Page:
Detecting complex gene interactions using algorithms
Iwould say predicting who is going to develop cancer is as complex as predicting where a hurricane is going to make landfall when it's sitting out in the middle of the Atlantic Ocean," says Jason Moore, Ph.D. Moore is the founding director of DMS's Computational Genetics Laboratory, as well as the director of the Cancer Center's Bioinformatics Shared Resource.
Predict: Meteorologists at least have developed algorithms that allow them to analyze the complex elements of climate signals—air and ocean temperatures, wind speed and direction, and so on—so they can try to predict where and when hurricanes will hit land.
But only recently have bioinformatics specialists like Moore —who defines bioinformatics as an intersection of biology, computer science, and statistics—begun developing similar mathematical tools. Such tools analyze interactions among genes and between genetic and environmental risk factors for cancer and other common diseases. Since arriving at DMS in August 2004, Moore has been spending half his time developing new computational algorithms and the other half using them to analyze biomedical data.
The good thing about his algorithms "is that they're very powerful and can really detect complex interactions," Moore says. "The downside is that they require a lot of computer time. . . . For a disease like sporadic breast cancer, there are probably dozens if not hundreds of genes that contribute to an individual's susceptibility, in combination with lots of environmental exposures."
To address the computer-time problem, Moore and his team will be developing a 300- to 400- processor supercomputer called a Beowulf Cluster, which entails "stringing together cheap computers to get supercomputer performance at a fraction of the price it would cost to buy a supercomputer."
Statistics: Moore, a national leader in bioinformatics, has advanced degrees from the University of Michigan in human genetics and applied statistics. From 1999 to 2004, he was on the faculty at Vanderbilt, where he was the founding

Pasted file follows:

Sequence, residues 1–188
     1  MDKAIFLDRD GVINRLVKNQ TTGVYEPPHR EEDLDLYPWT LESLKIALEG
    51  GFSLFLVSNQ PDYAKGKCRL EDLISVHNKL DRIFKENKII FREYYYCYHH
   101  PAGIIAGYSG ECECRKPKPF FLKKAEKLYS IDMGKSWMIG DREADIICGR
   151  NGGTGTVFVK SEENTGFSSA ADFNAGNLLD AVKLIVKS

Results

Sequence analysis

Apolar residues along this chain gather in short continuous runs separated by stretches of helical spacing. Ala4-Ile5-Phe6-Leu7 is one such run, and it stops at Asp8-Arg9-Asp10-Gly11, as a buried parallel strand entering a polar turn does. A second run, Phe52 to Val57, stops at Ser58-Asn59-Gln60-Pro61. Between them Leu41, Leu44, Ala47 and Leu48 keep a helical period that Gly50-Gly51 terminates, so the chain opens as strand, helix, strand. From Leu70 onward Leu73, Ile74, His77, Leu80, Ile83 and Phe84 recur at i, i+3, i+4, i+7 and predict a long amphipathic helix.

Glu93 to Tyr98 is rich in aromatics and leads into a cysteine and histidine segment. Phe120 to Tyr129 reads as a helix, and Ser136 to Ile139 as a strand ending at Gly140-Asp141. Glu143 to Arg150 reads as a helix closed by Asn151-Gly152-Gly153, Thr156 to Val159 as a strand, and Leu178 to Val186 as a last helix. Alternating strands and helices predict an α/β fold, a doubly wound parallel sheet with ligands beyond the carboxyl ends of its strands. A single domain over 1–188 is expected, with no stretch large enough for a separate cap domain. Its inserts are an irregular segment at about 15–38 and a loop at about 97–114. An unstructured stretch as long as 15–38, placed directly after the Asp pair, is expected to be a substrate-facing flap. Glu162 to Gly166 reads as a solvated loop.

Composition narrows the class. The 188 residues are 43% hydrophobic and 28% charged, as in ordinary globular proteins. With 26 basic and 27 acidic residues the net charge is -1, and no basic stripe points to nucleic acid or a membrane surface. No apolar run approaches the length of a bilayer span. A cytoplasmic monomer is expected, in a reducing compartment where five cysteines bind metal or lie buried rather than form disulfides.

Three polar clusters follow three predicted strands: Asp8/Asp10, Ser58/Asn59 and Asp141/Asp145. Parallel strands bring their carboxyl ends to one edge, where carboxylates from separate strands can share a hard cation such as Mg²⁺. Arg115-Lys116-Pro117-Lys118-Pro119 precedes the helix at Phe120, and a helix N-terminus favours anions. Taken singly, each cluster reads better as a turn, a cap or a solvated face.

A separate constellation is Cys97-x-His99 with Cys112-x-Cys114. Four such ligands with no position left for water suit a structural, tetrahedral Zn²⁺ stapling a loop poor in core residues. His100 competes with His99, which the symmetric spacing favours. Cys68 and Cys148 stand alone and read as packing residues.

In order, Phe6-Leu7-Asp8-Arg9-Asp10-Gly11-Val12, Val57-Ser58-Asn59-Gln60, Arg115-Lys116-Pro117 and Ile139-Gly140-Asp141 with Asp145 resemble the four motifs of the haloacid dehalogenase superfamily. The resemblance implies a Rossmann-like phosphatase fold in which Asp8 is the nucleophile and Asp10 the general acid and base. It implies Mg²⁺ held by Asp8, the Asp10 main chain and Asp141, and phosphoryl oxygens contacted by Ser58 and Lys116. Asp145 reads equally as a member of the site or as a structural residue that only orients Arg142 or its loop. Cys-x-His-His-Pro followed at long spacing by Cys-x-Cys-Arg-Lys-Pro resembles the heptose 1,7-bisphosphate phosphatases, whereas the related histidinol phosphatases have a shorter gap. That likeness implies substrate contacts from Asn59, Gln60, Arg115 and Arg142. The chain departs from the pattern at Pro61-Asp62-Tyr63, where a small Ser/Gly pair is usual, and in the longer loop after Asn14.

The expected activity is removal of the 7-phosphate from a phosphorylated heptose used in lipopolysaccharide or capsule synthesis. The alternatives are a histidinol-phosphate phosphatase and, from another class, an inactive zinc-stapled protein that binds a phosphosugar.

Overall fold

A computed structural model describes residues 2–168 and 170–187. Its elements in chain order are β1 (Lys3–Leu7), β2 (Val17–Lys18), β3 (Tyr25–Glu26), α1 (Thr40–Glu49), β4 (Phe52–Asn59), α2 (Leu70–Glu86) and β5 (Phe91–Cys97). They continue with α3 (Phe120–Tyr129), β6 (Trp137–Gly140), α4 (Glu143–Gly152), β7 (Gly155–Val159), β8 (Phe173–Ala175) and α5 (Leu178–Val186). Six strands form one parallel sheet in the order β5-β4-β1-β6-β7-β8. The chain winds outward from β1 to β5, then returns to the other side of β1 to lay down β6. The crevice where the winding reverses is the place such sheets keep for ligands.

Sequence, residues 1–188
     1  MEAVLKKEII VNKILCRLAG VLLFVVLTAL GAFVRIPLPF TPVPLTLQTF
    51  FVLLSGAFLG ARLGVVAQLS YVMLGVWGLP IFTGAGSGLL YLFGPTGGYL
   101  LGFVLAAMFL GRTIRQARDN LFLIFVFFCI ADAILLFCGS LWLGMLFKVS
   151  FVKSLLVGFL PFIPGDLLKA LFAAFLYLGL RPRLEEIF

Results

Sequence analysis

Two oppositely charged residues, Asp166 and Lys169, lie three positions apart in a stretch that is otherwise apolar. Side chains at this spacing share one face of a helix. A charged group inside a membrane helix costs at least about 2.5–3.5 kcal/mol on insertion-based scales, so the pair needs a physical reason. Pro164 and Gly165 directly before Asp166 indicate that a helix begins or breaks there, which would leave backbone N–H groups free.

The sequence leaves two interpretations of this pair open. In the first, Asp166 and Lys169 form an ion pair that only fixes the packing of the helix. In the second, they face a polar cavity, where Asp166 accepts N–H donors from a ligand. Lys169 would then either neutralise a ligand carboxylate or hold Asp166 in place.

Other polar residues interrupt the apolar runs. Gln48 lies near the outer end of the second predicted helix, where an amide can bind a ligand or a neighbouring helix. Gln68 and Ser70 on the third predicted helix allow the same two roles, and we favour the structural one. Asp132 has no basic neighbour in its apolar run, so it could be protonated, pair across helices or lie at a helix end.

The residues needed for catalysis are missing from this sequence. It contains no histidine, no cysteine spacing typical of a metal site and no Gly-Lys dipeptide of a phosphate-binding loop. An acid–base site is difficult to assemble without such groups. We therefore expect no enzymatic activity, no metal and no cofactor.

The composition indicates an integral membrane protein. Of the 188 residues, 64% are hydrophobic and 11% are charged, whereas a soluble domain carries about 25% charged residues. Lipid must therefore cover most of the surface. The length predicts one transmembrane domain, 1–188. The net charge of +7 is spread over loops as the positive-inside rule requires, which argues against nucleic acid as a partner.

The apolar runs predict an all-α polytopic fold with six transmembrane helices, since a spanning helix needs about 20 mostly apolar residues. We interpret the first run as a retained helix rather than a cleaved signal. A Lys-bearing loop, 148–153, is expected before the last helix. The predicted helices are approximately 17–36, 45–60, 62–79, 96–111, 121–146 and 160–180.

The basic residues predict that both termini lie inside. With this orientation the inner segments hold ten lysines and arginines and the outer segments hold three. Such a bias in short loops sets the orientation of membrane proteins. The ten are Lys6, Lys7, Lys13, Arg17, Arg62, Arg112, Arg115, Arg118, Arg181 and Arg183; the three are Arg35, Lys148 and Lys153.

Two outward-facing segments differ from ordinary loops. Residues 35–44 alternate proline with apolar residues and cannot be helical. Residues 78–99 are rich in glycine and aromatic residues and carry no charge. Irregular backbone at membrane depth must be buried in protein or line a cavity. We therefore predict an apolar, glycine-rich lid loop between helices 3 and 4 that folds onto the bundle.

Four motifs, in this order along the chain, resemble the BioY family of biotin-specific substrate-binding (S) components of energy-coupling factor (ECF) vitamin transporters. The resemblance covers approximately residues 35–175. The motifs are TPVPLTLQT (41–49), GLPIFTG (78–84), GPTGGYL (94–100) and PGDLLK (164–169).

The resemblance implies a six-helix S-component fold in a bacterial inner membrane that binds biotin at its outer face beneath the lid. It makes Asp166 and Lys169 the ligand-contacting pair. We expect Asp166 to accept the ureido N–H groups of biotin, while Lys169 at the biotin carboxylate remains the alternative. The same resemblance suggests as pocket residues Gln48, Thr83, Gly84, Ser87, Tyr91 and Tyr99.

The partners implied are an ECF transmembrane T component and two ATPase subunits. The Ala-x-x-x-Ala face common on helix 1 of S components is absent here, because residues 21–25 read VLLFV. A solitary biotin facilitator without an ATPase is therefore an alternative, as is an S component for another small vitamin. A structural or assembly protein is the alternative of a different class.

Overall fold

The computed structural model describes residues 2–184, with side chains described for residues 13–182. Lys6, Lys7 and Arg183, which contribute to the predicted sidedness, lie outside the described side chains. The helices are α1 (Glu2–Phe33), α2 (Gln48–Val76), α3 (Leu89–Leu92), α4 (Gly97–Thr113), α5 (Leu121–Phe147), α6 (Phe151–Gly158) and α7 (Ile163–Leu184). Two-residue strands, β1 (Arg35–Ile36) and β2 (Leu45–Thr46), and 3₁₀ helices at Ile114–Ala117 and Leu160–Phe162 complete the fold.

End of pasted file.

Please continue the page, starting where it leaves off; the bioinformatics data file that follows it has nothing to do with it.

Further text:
director of the Bioinformatics and Supercomputing Shared Resource; cofounder and codirector of the Advanced Computing Center for Research and Education; and director of the Bioinformatics Core of the Center for Human Genetics Research.
Under his leadership, DMS's Bioinformatics Shared Resource is developing software and providing computer programming and database support for biomedical researchers. The Computational Genetics Laboratory is developing, evaluating, and applying computational and statistical methods for detecting genetic biomarkers of common human diseases. One project, funded by the National Institutes of Health (NIH), focuses on the interaction of genetic and protein predictors of adverse events following a smallpox vaccination. Another NIH-funded project involves analyzing the genetic basis of trauma recovery to determine why some people develop acute respiratory distress syndrome after a traumatic injury and some don't.
Unwilling: Not all biomedical researchers believe in Moore's approach, however. "You'd be surprised at how many people are unwilling to acknowledge and embrace that complexity," he says. "People are still looking for the silver bullets, the single-gene predictor of Alzheimer's disease, the single gene predictor of breast cancer. For the common diseases, there aren't going to be any silver bullets."
Just as there are no silver bullets for hurricanes.
—Laura Stephenson Carter
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